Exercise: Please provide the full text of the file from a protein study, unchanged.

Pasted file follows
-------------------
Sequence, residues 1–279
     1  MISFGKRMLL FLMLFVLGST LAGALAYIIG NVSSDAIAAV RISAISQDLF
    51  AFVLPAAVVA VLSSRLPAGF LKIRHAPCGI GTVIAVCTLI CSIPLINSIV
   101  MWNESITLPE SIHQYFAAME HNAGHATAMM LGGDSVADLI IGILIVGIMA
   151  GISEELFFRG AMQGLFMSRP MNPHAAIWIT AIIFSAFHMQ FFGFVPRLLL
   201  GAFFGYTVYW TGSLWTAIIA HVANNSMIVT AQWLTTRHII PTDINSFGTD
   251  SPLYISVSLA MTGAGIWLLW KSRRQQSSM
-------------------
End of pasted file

Sequence, residues 1–279
     1  MISFGKRMLL FLMLFVLGST LAGALAYIIG NVSSDAIAAV RISAISQDLF
    51  AFVLPAAVVA VLSSRLPAGF LKIRHAPCGI GTVIAVCTLI CSIPLINSIV
   101  MWNESITLPE SIHQYFAAME HNAGHATAMM LGGDSVADLI IGILIVGIMA
   151  GISEELFFRG AMQGLFMSRP MNPHAAIWIT AIIFSAFHMQ FFGFVPRLLL
   201  GAFFGYTVYW TGSLWTAIIA HVANNSMIVT AQWLTTRHII PTDINSFGTD
   251  SPLYISVSLA MTGAGIWLLW KSRRQQSSM